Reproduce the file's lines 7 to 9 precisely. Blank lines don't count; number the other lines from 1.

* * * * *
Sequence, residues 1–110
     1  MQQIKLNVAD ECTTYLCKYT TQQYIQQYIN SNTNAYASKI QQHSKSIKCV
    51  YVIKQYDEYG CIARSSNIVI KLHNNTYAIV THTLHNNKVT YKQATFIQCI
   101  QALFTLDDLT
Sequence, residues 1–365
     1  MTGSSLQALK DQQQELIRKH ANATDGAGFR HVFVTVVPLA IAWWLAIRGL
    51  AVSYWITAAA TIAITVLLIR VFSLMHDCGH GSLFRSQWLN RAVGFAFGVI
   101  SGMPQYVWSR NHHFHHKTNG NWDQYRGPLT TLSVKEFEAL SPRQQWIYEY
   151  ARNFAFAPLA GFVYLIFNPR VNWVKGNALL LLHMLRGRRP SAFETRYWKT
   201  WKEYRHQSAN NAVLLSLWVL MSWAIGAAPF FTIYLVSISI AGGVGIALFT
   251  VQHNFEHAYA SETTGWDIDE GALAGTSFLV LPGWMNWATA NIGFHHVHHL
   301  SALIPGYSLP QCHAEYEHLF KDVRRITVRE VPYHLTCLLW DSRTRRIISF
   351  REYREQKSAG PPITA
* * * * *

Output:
    51  AVSYWITAAA TIAITVLLIR VFSLMHDCGH GSLFRSQWLN RAVGFAFGVI
   101  SGMPQYVWSR NHHFHHKTNG NWDQYRGPLT TLSVKEFEAL SPRQQWIYEY
   151  ARNFAFAPLA GFVYLIFNPR VNWVKGNALL LLHMLRGRRP SAFETRYWKT